Whiteboarding and live-coding exercises in tech interviews are counterproductive

It’s no secret that the tech sector currently (2021) uses whiteboard-style interviewing techniques quite often. This can be through the use of actual whiteboards, or services such as CoderPad.

But there is a strong body of science that shows these types of interviews don’t give reliable predictions of candidates’ skills or ability to perform a given role.

The study Does Stress Impact Technical Interview Performance? (Behroozi et al. 2020) compares a “traditional tech interview” where candidates solve a problem on a whiteboard, while explaining their thought processes, against solutions from candidates who solve the problem completely on their own in a private room.

The researchers found that people who took the traditional interview performed only half as well as people that were able to interview in private. Overall:

  • Participants in the public setting provided significantly lower scores.
  • Participants experienced higher stress levels and higher cognitive load in the public setting.
  • In the public setting 61.5% of the participants failed the task, compared with 36.3% in the private setting.
  • Interestingly, a post-hoc analysis revealed that in the public setting, no women (𝑛=5) successfully solved their task; however, in the private setting, all women (𝑛=4) successfully solved their task—even providing the most optimal solution in two cases.

GitLab has experienced the same effect with their hiring process, which they’ve written about in The trouble with technical interviews? They aren’t like the job you’re interviewing for (2020):

At GitLab, we found that live coding exercises don’t accurately represent engineering capability. Oftentimes, a recent computer science graduate will outperform a more senior candidate with a lot of valuable experience. In summary, live coding exercises will often disadvantage more senior candidates, people who are nervous in high-pressure situations (read: everyone), and advantages more junior engineers or people who have practiced live coding.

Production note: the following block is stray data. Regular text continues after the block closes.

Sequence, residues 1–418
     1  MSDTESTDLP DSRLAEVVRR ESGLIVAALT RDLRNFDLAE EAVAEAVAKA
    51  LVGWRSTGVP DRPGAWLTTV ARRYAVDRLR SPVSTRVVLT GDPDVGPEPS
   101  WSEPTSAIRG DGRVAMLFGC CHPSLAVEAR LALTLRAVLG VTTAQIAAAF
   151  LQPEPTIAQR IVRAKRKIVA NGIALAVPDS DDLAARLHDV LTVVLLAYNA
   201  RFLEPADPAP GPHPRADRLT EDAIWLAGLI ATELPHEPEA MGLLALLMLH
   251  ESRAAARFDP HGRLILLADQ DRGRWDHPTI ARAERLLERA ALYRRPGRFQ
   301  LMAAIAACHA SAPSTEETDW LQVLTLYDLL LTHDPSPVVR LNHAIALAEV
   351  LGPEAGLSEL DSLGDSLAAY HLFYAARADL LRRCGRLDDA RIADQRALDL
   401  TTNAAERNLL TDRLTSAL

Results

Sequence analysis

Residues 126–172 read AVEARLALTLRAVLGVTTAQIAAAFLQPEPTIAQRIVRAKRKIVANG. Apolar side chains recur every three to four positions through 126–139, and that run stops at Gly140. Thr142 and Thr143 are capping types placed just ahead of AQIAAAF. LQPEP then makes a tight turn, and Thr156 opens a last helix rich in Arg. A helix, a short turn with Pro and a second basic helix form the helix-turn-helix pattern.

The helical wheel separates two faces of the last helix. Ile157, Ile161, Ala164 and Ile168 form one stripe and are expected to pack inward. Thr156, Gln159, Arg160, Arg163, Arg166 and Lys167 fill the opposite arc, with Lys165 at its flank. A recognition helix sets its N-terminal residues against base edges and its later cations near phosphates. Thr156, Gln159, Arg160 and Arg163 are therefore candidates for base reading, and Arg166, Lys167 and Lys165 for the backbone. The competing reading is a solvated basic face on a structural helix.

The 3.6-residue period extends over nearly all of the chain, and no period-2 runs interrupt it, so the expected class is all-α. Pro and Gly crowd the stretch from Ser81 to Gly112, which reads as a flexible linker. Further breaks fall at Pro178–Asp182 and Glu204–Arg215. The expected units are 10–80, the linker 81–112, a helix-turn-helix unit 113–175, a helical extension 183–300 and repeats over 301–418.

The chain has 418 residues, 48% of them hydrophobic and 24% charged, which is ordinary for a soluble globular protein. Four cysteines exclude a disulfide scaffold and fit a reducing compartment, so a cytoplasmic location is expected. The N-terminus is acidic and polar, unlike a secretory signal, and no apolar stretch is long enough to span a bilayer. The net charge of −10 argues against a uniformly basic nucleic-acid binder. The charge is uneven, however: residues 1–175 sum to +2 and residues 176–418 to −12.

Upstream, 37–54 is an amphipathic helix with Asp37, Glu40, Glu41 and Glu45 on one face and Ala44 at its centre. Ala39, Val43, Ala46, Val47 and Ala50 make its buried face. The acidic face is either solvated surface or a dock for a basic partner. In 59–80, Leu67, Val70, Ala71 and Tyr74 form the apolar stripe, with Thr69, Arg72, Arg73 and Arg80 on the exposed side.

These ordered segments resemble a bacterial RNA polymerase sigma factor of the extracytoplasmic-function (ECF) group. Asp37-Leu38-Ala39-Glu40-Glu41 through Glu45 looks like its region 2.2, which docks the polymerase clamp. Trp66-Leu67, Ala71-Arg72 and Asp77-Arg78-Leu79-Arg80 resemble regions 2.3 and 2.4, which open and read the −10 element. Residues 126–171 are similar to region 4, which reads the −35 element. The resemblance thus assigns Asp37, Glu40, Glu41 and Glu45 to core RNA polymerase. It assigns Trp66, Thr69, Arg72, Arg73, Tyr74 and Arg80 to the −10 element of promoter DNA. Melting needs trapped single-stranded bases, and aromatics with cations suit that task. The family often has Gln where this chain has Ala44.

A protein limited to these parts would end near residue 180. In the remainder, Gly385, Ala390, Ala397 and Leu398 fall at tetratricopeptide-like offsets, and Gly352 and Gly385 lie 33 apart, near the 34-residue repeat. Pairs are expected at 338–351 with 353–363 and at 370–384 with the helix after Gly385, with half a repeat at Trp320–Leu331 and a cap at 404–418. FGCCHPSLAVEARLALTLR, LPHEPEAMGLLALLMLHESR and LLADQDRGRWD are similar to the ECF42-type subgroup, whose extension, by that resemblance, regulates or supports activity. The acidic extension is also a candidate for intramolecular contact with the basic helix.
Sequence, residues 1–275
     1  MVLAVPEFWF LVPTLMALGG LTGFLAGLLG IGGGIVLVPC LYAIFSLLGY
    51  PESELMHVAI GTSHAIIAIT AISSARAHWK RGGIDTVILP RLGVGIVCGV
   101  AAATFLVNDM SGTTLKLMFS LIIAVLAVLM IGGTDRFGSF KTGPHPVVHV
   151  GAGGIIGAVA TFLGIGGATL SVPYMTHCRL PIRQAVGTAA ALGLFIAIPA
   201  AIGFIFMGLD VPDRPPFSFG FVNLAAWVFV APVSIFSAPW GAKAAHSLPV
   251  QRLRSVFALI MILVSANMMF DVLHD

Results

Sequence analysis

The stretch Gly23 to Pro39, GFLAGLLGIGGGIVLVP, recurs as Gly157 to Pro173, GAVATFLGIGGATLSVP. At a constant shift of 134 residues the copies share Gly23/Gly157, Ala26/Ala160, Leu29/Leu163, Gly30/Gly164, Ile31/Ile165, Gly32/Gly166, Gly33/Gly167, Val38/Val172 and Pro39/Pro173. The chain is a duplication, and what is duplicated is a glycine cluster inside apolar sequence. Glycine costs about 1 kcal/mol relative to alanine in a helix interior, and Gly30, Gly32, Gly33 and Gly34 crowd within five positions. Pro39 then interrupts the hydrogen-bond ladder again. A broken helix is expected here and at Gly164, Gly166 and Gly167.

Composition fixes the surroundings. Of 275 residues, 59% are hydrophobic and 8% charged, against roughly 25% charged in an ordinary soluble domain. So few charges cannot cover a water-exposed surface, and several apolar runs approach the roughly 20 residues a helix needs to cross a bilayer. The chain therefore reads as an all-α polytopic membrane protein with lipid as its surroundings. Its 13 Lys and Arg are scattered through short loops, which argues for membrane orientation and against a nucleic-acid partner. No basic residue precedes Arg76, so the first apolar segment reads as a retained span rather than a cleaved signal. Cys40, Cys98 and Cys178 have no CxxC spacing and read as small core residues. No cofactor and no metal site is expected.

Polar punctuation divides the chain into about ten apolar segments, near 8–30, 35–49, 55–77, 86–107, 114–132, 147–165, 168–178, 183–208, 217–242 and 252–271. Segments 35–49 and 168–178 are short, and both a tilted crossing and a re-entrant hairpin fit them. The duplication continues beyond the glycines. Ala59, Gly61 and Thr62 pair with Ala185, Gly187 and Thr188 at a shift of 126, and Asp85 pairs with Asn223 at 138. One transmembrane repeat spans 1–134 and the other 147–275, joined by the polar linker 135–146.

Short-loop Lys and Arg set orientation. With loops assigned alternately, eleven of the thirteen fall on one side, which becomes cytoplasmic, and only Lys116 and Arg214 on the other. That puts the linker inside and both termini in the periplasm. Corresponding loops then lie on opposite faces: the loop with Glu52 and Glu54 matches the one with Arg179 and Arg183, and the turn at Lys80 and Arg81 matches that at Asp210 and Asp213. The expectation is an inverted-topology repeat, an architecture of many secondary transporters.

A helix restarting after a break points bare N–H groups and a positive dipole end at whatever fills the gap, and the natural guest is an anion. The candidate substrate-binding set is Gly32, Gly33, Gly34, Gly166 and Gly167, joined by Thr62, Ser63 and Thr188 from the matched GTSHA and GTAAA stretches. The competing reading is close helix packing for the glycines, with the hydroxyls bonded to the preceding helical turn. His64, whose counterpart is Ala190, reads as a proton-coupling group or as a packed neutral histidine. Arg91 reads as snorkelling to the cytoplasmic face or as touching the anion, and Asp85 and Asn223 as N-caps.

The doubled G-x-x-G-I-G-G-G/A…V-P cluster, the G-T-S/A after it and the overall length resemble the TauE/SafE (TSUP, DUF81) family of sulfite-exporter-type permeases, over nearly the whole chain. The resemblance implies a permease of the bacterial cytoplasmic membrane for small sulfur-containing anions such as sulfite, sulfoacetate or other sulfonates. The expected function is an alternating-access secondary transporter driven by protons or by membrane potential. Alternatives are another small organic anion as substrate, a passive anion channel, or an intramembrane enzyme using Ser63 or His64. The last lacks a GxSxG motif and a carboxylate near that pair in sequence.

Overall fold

What to do instead

Both of the following research papers offer multiple guidelines to improve this style of interviews. Given that these are open-access papers, I’ll quote their headings and leave you to read the guideline in full directly from source.

In addition, GitLab’s blog post from earlier explains the process they adopted, which allows candidates to make changes in an actual repository in order to get the full experience of exploring a codebase, checking CI, committing changes and making a merge request.


Behroozi, Mahnaz, Chris Parnin, and Titus Barik. 2019. “Hiring Is Broken: What Do Developers Say About Technical Interviews?” In 2019 IEEE Symposium on Visual Languages and Human-Centric Computing (VL/HCC), 1–9. Memphis, TN, USA: IEEE. https://doi.org/10.1109/VLHCC.2019.8818836.

Behroozi, Mahnaz, Shivani Shirolkar, Titus Barik, and Chris Parnin. 2020. “Does Stress Impact Technical Interview Performance?” In Proceedings of the 28th ACM Joint Meeting on European Software Engineering Conference and Symposium on the Foundations of Software Engineering, 481–92. Virtual Event USA: ACM. https://doi.org/10.1145/3368089.3409712.

Kassabian, Sara. 2020. “The Trouble with Technical Interviews? They Aren’t Like the Job You’re Interviewing For.” GitLab. March 19, 2020. https://about.gitlab.com/blog/2020/03/19/the-trouble-with-technical-interviews/.